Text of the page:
The Red Sox and Orioles had a stupid weekend

The Red Sox went to Baltimore on Friday and some stupid stuff happened. Manny Machado made a questionable slide into second base, Dustin Pedroia was injured, people yelled, Twitter raged and hilarious quotes were given.

The teams played again Saturday without incident, and most assumed everything had blown over. They assumed wrong.

Or, at least, someone forgot to pass the memo along to Matt Barnes, who threw a 90 mph fastball behind Machado’s head in the eighth inning of a game Boston was leading 6-0 on Sunday. The ball narrowly missed Machado but connected with his bat, Barnes was ejected anyway, people yelled, Twitter raged, and a suspension was given. But I am here to tell you, friends, that it has not yet blown over.

The sports world is ablaze with takes — takes on Barnes’ headhunting, takes on Machado’s slide, takes on Pedroia’s reaction, takes on unwritten rules, takes on other people’s takes. That tends to happen when you have so many stupid moments crammed into one weekend. What follows is my attempt to sort through that stupid and issue sound and just verdicts.

 

Dustin Pedroia

What was his involvement?

Pedroia was attempting to turn a double play, or at least put Machado out at second by receiving Xander Bogaerts’ throw. He was an innocent bystander, a baseball player simply trying to do baseball things. He wasn’t blocking the bag or doing something that would invite such an aggressive slide.

How did he react?

Well, his first reaction was to crumple to the ground upon being spiked in the back of the knee. But I suppose his post-game reaction is the more pertinent piece of information.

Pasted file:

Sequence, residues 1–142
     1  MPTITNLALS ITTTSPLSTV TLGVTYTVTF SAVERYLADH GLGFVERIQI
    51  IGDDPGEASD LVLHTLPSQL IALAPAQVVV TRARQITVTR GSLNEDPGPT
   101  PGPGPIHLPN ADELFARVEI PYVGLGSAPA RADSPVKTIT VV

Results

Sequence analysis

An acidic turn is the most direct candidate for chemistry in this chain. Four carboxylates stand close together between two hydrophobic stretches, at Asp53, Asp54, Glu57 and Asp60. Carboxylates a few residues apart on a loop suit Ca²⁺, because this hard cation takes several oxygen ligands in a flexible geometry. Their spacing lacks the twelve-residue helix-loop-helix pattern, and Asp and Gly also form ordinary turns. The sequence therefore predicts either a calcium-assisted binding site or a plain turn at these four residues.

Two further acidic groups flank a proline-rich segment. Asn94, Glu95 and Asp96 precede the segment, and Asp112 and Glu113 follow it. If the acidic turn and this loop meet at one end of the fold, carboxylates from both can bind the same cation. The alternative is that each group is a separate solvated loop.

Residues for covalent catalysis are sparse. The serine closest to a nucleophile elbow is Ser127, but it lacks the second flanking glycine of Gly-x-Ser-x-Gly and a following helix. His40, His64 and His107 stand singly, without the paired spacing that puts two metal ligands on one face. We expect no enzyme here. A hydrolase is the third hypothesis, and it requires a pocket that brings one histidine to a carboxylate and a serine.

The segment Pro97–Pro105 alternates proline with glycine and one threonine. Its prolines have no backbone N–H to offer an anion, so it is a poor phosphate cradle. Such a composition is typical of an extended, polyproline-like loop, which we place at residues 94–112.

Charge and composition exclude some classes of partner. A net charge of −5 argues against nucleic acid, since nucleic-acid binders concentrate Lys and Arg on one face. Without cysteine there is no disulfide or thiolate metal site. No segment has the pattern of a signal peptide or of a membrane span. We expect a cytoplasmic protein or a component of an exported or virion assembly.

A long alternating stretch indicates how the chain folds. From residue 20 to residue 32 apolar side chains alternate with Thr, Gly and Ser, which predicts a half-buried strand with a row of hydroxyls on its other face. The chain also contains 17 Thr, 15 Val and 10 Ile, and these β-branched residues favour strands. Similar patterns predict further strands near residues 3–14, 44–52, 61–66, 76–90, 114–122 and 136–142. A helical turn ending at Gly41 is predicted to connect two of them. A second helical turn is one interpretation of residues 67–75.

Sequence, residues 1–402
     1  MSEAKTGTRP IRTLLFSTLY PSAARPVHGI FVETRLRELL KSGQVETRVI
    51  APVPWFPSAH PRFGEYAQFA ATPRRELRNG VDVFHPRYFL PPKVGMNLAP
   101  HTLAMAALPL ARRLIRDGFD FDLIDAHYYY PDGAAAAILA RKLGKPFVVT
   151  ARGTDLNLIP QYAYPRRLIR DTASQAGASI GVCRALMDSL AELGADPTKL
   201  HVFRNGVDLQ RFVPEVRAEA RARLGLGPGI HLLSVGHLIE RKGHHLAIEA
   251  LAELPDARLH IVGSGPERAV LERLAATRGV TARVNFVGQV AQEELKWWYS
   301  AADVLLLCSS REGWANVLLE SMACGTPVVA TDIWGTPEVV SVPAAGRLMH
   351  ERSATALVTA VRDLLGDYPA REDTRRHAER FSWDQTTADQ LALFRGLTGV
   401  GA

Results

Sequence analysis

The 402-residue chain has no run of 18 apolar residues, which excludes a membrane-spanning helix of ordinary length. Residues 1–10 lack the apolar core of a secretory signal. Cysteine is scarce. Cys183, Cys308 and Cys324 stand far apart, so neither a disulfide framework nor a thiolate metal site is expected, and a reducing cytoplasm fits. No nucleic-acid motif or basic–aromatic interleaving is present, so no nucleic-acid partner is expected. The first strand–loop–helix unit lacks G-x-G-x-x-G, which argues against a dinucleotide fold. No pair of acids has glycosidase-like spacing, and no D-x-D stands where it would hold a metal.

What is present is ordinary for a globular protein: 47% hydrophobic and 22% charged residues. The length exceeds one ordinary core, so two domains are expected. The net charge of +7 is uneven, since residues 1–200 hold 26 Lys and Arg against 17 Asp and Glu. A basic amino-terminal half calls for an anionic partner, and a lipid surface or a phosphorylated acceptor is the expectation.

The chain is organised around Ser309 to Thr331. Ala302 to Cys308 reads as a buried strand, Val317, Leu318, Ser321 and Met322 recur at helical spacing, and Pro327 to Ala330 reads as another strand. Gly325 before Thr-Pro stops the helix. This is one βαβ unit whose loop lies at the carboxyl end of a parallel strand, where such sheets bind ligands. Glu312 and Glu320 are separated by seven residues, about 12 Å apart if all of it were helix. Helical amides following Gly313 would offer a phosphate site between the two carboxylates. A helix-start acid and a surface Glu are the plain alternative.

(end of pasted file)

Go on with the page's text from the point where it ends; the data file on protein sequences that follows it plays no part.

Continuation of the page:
After the Barnes incident, Pedroia apologized to Machado and immediately made clear that he had nothing to do with the attempted retribution. He also said that if he were going to advocate for payback, he’d have thrown at Machado immediately and also not at his head. Which…ok, I guess it depends on where you come down on unwritten rules. If you think they’re dumb, maybe this makes Pedroia a tiny bit stupid, but hey, ballplayers gonna ballplayer.

What could he have done differently?

Not much. Pedroia comes out of this smelling the best by far.

Verdict: Not stupid.

 

Manny Machado

What was his involvement?

Once, when my little brother was around three or four years old, I pushed him. That isn’t particularly notable in and of itself…I’ve got about nine years on him, so at the time he was really the perfect subject on which to test the efficacy of chokeslams and figure-four leglocks and all kinds of stuff. On this particular occasion though, I instantly knew I used too much force. Panic turned to dread as I watched him, seemingly in slow motion, fall forward and smack his face against a nearby dresser. There were tears and then screams, first from him and then from my mom at me for being such a shit. I imagine most of us have lived a moment like that in some form or another. I’d like to believe Machado lived his Friday night.

What was his reaction?

His reaction tells the story. Pedroia hadn’t even begun to react to the collision yet when Machado reaches out his arms to embrace him. Machado knows, probably before he even makes contact, that he has screwed up. I’m sure he had the intent to go in hard and break up any chance for a double play, but I don’t believe he went in with the intent to injure. To think he did is to believe not only that Machado is devious enough to intentionally cause harm, but also to premeditate such a remorseful instant reaction to dupe the masses. I don’t buy it.

What could he have done differently?

Be less reckless. I didn’t intend to propel my brother’s head into a piece of solid oak, but that doesn’t change the fact that I did, just as Machado’s regret didn’t take the spike out of Pedroia’s leg. It was reckless, and reckless is stupid even if it’s unintentional.

Verdict: Unintentionally stupid.

 

John Farrell

What was his involvement?